Short ride lard burning help appreciated

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  • Short ride lard burning help appreciated
  • Premier Icon wwaswas
    Subscriber

    a series of short sharp climbs with short descents in between

    this on the days when you have an hour but with rest days and then longer lower intensity rides when you have more time.

    I’d reallly think about contacting torq or whoever that can assess you and give you a tailored program, though.

    Premier Icon glenh
    Subscriber

    For weight loss, what sort of effort level and route is best

    Longer than an hour or two!

    FuzzyWuzzy
    Member

    Do you already have decent base fitness? High intensity intervals are your best hope but not if you’re starting from scratch. You’ll also likely need very clear short-term goals else you’ll get disillusioned pretty quickly (they hurt). You probably don’t want to do more than 3 sessions a week either so do a longer but lower intensity ride on the weekend and have a rest day or two.

    mafu26
    Member

    my advice would be go out for almost the whole hour on an empty stomach at a very leisurely pace. also have a black coffee to bring your metabolism up.

    this is the only way i’ve managed to loose weight. i don’t always do the coffee thing though. i’d also take some food just encase you bonk too. regarding doing it everyday – i do so fine (its my commute to work and back)

    i’d heard this off a friend of a friend who when he joined a pro tour team had to go out every morning for an hour before everyone else so he could get down to the correct weight. i thought to myself why should it be different to anyone else, tried it, worked a treat.

    good luck!

    Premier Icon woody2000
    Subscriber

    Longer, lower intensity rides are good for fat burning, but if the OP just wants to “lose weight”, then any activity that uses calories will help with that surely.

    Just make sure you’re not eating more to compensate 🙂

    maxr
    Member

    I want to lose some weight over a period, and I can ride an hour every day, maybe two at weekends. I live at the bottom of Holmbury Hill (Surrey), and in that time I can pick a route anything from ‘up the hill, over, and back’ with longer easier gradients, to a series of short sharp climbs with short descents in between.

    For weight loss, what sort of effort level and route is best, and is it good to ride every day possible?

    Max

    stumpy01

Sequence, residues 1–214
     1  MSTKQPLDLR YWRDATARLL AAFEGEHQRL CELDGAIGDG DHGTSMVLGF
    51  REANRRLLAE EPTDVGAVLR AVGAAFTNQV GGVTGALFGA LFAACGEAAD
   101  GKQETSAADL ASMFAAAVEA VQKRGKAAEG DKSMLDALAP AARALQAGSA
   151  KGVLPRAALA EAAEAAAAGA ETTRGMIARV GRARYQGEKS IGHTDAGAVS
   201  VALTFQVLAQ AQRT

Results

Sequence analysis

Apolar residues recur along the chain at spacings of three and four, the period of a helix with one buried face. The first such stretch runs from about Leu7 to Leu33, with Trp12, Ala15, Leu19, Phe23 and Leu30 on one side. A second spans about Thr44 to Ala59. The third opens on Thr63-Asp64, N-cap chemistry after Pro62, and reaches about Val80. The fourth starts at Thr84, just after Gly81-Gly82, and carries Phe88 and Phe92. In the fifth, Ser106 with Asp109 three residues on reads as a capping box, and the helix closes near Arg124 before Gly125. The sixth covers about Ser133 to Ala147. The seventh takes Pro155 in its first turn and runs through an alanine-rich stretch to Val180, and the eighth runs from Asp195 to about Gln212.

Member

    No real science behind it, just what I feel works quite well.

    I would get out for a regular ride at a pace that is consistently hard. You don’t want to choose a route with a couple of killer climbs that tire your legs so much that you can’t put the effort in for the rest of the ride.
    I guess I’d call it about an 8/10 pace and keep it consistent. Mix it up with a longer ride when you can and perhaps once a week or once every other week do something a bit different; some intervals perhaps?

    I definitely notice the weight drop off if I get in a couple of regular, hard evening rides and they are normally about 22 miles or so at about 16mph average speed on my Inbred with slicks. You just have to make sure you don’t feel all smug about the miles you are putting in and eat more to reward yourself….

    For weight loss – diet.

    Premier Icon njee20
    Subscriber

    Riding on an empty stomach does indeed work, you’ll feel crap though!

    Pieface
    Member

    As intense as you possibly can

    ScottChegg
    Member

    Longer, lower intensity rides

    As intense as you possibly can

    So, somewhere between these two will do the trick 😀

    Pieface
    Member

    If you’ve only got 2 hrs a week go as hard as you can, you’ll burn more calories and build more lean muscle which will raise your basal metabolic rate. Slow and steady will only work for long rides, as in more than 4 hours.

    This is based on nothing other than my own personal opinion and experience.

    Premier Icon ourmaninthenorth
    Subscriber

    The Southern Yeti said

    For weight loss – diet.

    I’d be inclined to agree. For me, diet = weight loss; exercise = fitness. Related, but not the same thing.

    Steve-Austin
    Member

    If you only got an hour a day, running will help you shed weight.

    kudos100
    Member

    The low intensity black coffee thing would work, as would the interval training.

    Regardless of what you do, if you live off cakes and chocolate then you will probably not loose fat.

    My vote goes to a combination of both intervals and low intensity to see which you prefer (intervals hurt, low intensity is boring imo), combined with a diet that is just below maintainance calories (high protein, low carbs, medium fat etc)